Even by those minimal standards, however, the attack of Kampfgruppe Friebe was a misfire, meeting strong resistance, artillery and anti-tank fire, and heavily mined roads that reduced the forward motion of the Panzers to a crawl. After heavy losses, including the death of a regimental commander and two battalion commanders, Friebe called the whole thing off. It was just as well that the trucks hadn't shown up, he later remarked bitterly—Soviet fire would have torched every last one of them.
Back in Ternopol, the tragedy was playing out predictably. With Soviet artillery emplaced on the high ground around the city and firing over open sights, shells rained down and German losses mounted. By April 1, just over half of the 4,600 defenders had become casualties. The German pocket was shrinking steadily under the pressure of concentric attacks by five Soviet divisions, and General Kittel was dimissed. The new commandant—the third, if you’re keeping score—was General Egon von Neindorff. He came, looked around, and made the same request as his two predecessors: evacuate the town. He also got the same response: “The Führer’s decision: Ternopol is to be held” (“Führerentscheid: Tarnopol ist zu halten.”)
By now Soviet bombardment was uninterrupted—including mortars, guns of all calibers, and air attacks. The center of Ternopol was an inferno, with the remaining 1,500 German troops compressed into a zone fewer than 1,000 yards across, every inch of which was being combed by Soviet fire. A second and final German relief attempt on April 12, once again by Kampfgruppe Friebe, faltered in the midst of a sudden heavy rainstorm that quickly turned the roads into mud. Friebe got within a few kilometers of the city but no closer, and he had no choice but to surrender Ternopol's defenders to their fate.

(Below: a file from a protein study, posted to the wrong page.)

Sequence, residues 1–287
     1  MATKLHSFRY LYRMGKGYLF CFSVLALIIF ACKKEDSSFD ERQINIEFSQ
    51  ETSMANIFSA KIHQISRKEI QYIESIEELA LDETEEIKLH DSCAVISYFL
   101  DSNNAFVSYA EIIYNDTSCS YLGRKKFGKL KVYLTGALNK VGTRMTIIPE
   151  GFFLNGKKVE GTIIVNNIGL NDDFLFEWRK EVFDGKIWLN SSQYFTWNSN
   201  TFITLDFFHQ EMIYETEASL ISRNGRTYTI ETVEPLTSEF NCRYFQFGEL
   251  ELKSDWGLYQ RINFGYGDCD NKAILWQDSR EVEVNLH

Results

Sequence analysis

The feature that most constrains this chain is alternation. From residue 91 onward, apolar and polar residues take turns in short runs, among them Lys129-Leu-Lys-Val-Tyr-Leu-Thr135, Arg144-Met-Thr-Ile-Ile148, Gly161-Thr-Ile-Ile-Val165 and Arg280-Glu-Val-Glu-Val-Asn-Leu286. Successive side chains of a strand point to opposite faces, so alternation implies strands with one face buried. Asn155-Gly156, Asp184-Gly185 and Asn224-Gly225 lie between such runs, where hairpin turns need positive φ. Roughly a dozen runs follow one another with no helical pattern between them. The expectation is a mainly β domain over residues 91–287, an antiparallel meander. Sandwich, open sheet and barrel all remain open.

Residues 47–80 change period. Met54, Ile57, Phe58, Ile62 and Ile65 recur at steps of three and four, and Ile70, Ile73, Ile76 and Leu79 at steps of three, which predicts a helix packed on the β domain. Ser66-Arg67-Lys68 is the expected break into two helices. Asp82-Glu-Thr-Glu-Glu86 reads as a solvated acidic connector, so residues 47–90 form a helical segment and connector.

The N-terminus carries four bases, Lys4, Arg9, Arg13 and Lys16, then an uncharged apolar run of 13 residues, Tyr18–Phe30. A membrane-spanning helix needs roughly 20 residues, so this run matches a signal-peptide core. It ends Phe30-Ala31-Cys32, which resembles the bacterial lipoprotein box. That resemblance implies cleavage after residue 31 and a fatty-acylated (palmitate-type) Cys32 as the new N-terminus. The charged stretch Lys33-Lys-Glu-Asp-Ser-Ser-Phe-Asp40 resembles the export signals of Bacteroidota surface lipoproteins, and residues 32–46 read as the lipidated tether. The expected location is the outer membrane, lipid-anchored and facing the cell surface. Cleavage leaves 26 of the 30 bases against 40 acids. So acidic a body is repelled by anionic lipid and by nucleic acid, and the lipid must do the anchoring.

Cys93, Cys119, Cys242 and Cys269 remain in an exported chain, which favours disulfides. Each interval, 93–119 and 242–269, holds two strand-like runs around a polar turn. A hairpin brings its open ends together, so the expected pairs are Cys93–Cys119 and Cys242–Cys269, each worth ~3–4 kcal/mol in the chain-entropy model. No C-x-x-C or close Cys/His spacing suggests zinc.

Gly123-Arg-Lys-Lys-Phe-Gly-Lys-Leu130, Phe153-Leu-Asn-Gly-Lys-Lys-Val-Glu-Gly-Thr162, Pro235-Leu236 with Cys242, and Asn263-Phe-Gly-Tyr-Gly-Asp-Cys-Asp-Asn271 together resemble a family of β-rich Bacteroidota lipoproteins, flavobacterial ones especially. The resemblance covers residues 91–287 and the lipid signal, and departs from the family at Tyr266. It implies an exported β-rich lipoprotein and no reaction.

Losses were total, or about as close as it is possible to get in land warfare. Of the original 4,600 men in the German garrison, 4,545 were listed as casualties, a rate of 99 percent. As Friebe's Panzers churned slowly forward, they came across small groups of shell-shocked, stumbling victims, nearly unrecognizable as German soldiers. Ten men here, another five there, seven more up the road: the 55 men fortunate enough to have broken out of the inferno before Soviet tanks rolled in. They were the lucky one percent.
Ternopol was a tiny battle by eastern front standards, and today is one of the many forgotten battles of World War II. Despite its size, however, the debacle tells us all we need to know about the sorry state of the Wehrmacht by early 1944. Certainly, the Germans could still fight, and they would continue to display their tactical and operational prowess to the bitter end of the war. Their Panzer and mechanized formations were still elite fighting formations, and unit cohesion remained high even in defeat and disaster.
Otherwise, ponder this toxic combination of military attributes: a Supreme Commander who was completely out of touch, out of his depth, and increasingly irrational, a man who clearly thought that declaring a town a “fortress” magically turned it into one; a corps of once savvy staff officers and field commanders who shook their heads at the latest ridiculous order out of Hitler’s HQ at Rastenburg, but usually did what they were told anyway; and finally, millions of ordinary soldiers who were willing to fight for the cause and die at their posts, and who were about to get that chance.
Trapped in a hopeless war, the Wehrmacht was marching to the graveyard.